Walk down any grocery store aisle and you will be flooded with variety of foods, all with different health claims: “All natural!” “Organic!” “Fat free!” “Multigrain!” just to name a few. We all want to make healthier choices for ourselves and our families, but are all these health claims really healthier, or are they just hype?
Sadly, a lot of these food labels are misleading phrases. Companies like to add these types of magnetic words to food labels to make you think it’s healthy. In this article, I want to walk through some of the biggest deceivers in our food aisles and what we can do to stay in control of our food choices.
The term “all natural” might not mean what you think it means. The FDA has yet to define “all natural,” so food companies can put this label on nearly anything as long as the manufacture had a natural source to work with at some time during the process. This ultimately means that “all natural” products can still be full of preservatives, additives, and other junk that would make it seemingly unnatural. And even if a food is “all natural,” that doesn’t keep a food company from filling it with sodium and added sugar.
“Organic” is also a tricky contender with food companies. Organic is defined as any item with at least 95 percent organic ingredients—no hormones, genetically modified ingredients, additives, antibiotics, or radiation. So with this you can easily find organic chocolate crème cookies, sports drinks, cheese puffs, and ice cream—all foods that can still be packed with fat, sugar, and sodium. The AHA recommends men not consume more than 37 grams of sugar a day and women no more than 25. Organic sugar is still sugar. The negative effects of organic sugar are often the exact same as the refined sugars! If you want to eat organic, it’s better to aim your focus towards healthy foods that should frequently appear in your diet such as fruits (especially ones with permeable skins), vegetables, eggs, etc.
“Fat free” isn’t always the best option when comparing foods. We actually need fat in our diet. Healthy mono- and poly-unsaturated fats (found in good fats like olive oil, avocados, and flaxseed) can help lower cholesterol and heart disease risk. Also, due to the fact that fat is slower digesting than carbs or protein, it’s actually good at helping us feel full longer, which helps prevent us from snacking throughout the day. However, there are bad fats, also known as trans-fat, that we want to keep out of our diet. Claims for “no trans-fat” can be misleading. Food companies can actually have up to 0.5 grams of trans fat and still market it as containing “zero” trans fats. That number may sound small, but too many servings can quickly add up. It’s important to read that nutrition label and make sure that “0” truly is listed in the trans-fat line. Also look at the ingredient list, and watch for words that say “hydrogenated,” which is just another fancier term for trans-fat.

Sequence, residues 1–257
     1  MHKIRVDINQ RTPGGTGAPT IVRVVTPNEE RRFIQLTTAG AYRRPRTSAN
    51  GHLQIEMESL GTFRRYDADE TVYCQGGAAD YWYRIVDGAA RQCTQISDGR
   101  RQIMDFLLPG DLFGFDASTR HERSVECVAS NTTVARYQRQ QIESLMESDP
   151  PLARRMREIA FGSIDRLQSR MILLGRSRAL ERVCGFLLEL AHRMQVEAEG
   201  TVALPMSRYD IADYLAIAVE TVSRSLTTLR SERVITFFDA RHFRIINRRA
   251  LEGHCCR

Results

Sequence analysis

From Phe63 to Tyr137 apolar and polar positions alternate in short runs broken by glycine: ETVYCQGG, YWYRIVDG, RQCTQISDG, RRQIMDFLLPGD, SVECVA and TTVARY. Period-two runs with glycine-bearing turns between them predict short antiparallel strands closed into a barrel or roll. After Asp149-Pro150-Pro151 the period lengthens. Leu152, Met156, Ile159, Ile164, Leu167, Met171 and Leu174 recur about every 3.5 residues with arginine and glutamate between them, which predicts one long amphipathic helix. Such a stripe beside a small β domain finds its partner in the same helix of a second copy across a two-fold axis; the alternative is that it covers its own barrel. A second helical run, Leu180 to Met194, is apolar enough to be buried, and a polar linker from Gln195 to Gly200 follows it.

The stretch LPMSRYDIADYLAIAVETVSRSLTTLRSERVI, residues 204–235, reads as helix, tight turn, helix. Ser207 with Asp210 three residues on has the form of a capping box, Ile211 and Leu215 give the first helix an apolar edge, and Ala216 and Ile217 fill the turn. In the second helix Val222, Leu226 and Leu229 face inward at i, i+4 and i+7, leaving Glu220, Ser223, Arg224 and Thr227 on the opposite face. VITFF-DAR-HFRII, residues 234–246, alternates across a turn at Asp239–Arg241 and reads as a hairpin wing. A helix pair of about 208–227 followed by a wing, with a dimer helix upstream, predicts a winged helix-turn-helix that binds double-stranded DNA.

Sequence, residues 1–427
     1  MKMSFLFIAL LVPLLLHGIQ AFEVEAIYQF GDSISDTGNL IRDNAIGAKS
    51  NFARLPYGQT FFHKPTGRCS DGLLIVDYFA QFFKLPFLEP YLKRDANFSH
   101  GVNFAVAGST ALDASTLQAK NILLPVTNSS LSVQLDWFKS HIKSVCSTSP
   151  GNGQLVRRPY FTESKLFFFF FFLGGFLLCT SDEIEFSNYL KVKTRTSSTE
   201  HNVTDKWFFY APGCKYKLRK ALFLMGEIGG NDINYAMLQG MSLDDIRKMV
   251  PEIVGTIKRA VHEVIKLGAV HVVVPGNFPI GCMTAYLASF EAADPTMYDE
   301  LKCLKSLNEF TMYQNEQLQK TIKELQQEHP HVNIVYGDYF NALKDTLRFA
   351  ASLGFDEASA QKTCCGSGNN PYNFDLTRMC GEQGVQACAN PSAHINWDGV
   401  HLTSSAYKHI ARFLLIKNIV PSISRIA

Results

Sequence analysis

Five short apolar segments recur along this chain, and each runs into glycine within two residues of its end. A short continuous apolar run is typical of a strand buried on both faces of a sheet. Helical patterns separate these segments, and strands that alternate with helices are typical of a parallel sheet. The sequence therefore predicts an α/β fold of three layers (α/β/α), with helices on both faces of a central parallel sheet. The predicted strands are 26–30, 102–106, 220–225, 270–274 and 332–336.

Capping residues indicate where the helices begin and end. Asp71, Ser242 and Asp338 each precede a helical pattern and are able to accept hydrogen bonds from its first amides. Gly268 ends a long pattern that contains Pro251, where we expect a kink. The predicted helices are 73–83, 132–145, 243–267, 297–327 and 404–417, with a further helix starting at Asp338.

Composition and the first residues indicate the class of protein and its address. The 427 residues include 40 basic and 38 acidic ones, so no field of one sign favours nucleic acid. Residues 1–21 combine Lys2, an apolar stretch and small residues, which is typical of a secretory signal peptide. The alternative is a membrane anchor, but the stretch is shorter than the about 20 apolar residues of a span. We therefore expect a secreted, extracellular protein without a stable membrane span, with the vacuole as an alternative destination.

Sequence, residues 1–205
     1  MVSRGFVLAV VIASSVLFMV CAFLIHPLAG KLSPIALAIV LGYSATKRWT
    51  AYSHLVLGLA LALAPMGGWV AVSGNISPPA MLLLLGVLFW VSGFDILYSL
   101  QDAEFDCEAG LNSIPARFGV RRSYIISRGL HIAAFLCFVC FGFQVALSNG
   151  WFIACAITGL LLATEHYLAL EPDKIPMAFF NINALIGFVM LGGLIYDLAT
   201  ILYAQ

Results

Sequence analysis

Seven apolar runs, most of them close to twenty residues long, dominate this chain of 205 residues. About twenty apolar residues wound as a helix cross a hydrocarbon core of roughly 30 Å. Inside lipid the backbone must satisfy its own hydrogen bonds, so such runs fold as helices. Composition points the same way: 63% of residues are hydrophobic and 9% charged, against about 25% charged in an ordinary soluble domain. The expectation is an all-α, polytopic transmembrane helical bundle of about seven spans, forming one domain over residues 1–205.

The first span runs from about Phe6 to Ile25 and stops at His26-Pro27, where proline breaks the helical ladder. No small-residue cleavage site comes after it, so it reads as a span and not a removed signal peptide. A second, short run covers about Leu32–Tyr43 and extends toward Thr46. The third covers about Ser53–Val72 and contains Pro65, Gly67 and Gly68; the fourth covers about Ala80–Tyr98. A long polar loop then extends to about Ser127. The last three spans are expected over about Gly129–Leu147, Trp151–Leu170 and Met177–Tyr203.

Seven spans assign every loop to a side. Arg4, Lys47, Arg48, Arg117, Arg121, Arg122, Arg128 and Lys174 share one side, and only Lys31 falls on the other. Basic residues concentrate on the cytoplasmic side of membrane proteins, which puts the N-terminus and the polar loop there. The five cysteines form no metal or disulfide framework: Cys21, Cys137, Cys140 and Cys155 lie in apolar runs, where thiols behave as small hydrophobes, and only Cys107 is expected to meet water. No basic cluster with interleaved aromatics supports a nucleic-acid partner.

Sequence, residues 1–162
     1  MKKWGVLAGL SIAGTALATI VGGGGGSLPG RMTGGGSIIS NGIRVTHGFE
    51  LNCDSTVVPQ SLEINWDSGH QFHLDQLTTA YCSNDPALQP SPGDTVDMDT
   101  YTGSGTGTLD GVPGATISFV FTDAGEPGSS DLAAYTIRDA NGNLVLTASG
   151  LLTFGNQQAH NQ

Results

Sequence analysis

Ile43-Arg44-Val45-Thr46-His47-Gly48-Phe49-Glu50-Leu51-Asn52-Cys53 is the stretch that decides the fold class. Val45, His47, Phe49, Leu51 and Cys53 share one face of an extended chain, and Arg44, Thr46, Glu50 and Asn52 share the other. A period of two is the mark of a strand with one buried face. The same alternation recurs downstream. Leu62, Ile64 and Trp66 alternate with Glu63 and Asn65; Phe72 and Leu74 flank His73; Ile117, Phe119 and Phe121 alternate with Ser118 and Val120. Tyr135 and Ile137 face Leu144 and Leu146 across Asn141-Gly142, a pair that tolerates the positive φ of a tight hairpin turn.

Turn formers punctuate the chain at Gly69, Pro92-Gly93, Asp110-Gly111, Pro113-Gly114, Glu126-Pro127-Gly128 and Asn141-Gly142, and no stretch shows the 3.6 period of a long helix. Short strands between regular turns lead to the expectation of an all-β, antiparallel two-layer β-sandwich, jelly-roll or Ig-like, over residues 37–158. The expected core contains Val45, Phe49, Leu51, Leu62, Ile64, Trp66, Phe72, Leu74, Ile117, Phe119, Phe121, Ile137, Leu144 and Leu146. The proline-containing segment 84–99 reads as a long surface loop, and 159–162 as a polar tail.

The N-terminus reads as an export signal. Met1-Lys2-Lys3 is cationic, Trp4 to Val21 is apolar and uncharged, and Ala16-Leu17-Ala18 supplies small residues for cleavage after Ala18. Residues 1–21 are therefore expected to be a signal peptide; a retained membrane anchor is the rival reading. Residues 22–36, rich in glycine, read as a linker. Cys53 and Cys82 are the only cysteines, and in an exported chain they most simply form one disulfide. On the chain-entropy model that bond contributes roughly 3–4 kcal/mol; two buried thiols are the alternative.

“Multigrain” is usually associated with being whole grain—which is exactly what the food companies want you to think; however, these are very different terms to watch for. Something marketed as being multigrain just means that there is more than one grain in the product, even if that means multiple refined grains. Along with that, I also want to address “gluten free”. This is another buzzword food companies have been putting on as many labels as they can. However, unless you have metabolic problems like Celiac disease or other food allergies, gluten free products will NOT help with weight loss and can still be high in calories, sugar, and/or sodium.
These are just a few of the biggest offenders food companies like to put on food labels to misguide consumers. There are many more to watch out for, and the best way for consumers to fight back is by staying aware. ALWAYS look at the food label. Make sure you look at how much sodium and sugar is in the product. Remember the AHA recommends that adults have no more than 2,300 mg of sodium a day. If you are African American, over the age of 50, or have high blood pressure, diabetes, or chronic disease, that recommendation is lowered to 1,500 milligrams per day. Look at the serving size on the nutrition label as well. Some numbers may look small, but when you compare the serving size that number can add up quick.
Lastly, look at the ingredient list. The ingredients appearing on the food label are listed in order of quantity, from most to least. You can know what you are getting the most of in each product by looking at the order of the ingredients list. If you look at an ingredient list and see sugar or sodium in the first 3 ingredients, you can know there is a high amount in the product.
These are all tips on how to be a more mindful consumer; however, one of the easiest way to prevent being misled is to do your best to avoid processed foods altogether. You don’t have to worry about food labels when you are having whole foods—because the whole food is the ingredient. However, if you decide to buy anything packaged (containing a nutrition label), make sure you are sorting out the claims and making better choices to improve your health and wellbeing.